How long should our church keep offering envelopes?
Many churches use offering envelopes. They have a number of advantages, including the following:
- They help the church connect cash contributions to individual donors;
- They promote privacy in the collecting of contributions;
- They give members the opportunity to designate specific programs or projects;
- They provide members with a weekly reminder of the need to make contributions and honor pledges; and
- They reduce the risk of offering counters pocketing loose bills.
In the past, another reason offering envelopes were used was that they provided donors with a means of substantiating cash contributions of less than $250. This no longer is the case.
In 2006, Congress amended the law to require that all cash contributions, regardless of amount, be substantiated with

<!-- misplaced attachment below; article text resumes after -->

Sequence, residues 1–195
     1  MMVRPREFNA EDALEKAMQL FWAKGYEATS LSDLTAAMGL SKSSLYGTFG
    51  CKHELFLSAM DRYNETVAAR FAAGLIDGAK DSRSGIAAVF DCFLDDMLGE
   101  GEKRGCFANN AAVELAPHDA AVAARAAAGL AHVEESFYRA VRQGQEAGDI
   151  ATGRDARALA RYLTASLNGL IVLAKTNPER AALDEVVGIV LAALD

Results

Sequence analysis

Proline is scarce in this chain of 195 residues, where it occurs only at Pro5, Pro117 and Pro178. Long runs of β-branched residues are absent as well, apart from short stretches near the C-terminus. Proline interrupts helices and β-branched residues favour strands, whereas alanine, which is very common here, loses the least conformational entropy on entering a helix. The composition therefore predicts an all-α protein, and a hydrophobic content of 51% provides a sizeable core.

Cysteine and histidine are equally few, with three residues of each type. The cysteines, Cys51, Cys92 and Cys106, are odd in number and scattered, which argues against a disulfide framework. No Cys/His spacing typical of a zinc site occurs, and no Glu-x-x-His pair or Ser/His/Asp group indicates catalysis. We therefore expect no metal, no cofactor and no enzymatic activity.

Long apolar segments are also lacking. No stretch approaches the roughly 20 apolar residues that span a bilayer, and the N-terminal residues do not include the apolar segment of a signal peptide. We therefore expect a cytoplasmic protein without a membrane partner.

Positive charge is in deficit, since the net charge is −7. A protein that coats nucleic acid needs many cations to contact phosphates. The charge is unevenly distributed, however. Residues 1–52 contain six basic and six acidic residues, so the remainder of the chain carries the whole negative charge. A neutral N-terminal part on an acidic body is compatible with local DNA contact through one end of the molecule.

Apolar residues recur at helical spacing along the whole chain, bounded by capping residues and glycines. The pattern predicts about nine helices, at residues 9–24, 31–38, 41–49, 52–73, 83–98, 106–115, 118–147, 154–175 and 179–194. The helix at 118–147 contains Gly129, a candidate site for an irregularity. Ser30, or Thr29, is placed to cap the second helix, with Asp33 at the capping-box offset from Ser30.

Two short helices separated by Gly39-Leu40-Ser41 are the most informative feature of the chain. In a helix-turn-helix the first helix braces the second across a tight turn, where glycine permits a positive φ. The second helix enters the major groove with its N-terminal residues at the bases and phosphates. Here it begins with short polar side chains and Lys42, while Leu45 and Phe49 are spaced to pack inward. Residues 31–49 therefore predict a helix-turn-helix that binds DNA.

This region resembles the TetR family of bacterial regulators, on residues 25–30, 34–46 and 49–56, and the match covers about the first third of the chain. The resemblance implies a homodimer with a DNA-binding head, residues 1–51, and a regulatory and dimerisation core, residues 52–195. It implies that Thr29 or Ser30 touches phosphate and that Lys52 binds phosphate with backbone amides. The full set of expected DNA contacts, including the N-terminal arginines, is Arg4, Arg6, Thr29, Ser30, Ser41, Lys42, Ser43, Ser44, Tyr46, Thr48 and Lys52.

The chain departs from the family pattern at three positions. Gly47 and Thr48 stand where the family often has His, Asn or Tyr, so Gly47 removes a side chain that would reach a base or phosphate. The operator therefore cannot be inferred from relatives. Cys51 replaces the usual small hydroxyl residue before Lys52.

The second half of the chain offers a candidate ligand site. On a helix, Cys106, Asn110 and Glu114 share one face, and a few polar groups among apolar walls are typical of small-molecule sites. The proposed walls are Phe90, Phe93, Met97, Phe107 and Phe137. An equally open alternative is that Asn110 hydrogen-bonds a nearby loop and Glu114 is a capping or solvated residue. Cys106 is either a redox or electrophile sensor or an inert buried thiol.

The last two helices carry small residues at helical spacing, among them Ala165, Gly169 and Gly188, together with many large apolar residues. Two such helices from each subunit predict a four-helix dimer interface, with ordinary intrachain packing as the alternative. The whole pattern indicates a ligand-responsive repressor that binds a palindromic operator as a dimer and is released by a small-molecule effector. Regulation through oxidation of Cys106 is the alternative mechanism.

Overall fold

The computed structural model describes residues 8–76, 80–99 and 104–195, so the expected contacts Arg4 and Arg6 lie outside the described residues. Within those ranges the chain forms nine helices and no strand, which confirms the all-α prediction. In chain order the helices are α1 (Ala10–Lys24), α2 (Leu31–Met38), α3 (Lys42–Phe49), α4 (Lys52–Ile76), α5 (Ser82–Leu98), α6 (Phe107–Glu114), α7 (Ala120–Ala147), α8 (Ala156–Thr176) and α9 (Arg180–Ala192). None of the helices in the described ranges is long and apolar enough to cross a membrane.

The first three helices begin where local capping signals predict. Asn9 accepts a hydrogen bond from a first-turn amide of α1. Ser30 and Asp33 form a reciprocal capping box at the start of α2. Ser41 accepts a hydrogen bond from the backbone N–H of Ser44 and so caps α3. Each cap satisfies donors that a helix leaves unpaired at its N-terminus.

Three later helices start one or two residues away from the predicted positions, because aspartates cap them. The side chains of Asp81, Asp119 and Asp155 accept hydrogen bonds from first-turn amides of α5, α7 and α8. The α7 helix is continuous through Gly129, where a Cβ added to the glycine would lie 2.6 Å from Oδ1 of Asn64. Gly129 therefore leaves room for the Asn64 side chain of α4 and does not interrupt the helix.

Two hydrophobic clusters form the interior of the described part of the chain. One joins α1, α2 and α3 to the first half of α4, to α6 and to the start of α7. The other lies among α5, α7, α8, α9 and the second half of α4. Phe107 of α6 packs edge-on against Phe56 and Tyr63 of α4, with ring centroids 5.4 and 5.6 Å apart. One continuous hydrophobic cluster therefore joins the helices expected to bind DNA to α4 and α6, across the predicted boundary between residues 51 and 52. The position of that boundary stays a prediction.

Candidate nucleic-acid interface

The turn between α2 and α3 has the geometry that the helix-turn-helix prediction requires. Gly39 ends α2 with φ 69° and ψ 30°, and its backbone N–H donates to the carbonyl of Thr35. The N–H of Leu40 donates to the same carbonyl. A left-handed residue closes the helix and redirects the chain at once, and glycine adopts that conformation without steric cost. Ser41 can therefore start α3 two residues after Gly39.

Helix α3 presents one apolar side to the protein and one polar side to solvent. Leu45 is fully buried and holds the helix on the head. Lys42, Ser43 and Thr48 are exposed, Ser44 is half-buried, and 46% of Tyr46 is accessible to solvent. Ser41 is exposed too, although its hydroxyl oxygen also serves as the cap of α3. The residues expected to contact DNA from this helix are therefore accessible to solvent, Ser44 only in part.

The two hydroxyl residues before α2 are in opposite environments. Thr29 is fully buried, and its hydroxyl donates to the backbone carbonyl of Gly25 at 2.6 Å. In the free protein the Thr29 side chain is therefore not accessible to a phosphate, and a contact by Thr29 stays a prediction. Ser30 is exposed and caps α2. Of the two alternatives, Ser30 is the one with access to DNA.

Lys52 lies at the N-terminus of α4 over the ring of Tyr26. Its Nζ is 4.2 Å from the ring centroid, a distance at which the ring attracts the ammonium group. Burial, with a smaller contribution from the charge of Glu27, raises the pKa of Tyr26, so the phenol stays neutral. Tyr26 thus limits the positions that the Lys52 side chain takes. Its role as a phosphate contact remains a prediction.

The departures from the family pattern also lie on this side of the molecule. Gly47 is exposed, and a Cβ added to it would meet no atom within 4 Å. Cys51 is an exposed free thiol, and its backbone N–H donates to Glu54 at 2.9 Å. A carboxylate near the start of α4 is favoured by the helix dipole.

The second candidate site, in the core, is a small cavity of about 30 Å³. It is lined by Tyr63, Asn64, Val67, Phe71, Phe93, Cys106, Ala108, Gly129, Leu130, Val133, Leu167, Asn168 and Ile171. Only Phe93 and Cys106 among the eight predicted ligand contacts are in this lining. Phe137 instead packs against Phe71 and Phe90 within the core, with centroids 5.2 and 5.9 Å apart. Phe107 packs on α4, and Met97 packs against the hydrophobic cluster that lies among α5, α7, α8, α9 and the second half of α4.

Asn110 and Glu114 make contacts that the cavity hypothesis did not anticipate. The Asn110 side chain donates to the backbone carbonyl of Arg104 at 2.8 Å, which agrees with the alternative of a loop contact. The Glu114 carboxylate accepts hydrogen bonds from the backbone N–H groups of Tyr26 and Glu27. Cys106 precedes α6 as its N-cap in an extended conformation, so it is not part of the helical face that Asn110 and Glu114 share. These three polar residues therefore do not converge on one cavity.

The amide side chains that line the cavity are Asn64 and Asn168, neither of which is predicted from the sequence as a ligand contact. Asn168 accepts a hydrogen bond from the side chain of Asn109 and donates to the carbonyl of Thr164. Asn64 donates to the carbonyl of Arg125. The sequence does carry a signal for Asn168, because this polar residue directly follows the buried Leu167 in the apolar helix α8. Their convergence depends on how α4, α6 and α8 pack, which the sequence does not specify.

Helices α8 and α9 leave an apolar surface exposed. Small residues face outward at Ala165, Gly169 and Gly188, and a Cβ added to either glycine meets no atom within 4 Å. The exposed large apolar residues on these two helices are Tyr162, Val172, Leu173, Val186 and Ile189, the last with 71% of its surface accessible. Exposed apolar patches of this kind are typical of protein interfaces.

- either a bank record (such as a cancelled check) or a written communication from the charity,
- showing the charity's name, date of the contribution, and the amount of the contribution. Offering envelopes will not satisfy these requirements, and cannot be used to substantiate a donor's cash contributions. But, as noted above, there are other reasons why your church may want to use them.
Church leaders often ask how long they must keep offering envelopes. If your church uses offering envelopes, then one option is to issue donors a periodic (i.e., quarterly, semi-annual, or annual) summary of contributions, and include in this summary a statement similar to the following:
"Any documentation, including offering envelopes, that the church relied upon in preparing this summary will be disposed of within six months. Therefore, please review this summary carefully, and inform the church treasurer of any apparent discrepancies within six months of the date of this summary."
Of course, you can change the six-month period to any other length of time that you desire. This statement will relieve the church of the responsibility of warehousing offering envelopes and other supporting documentation for long periods of time.
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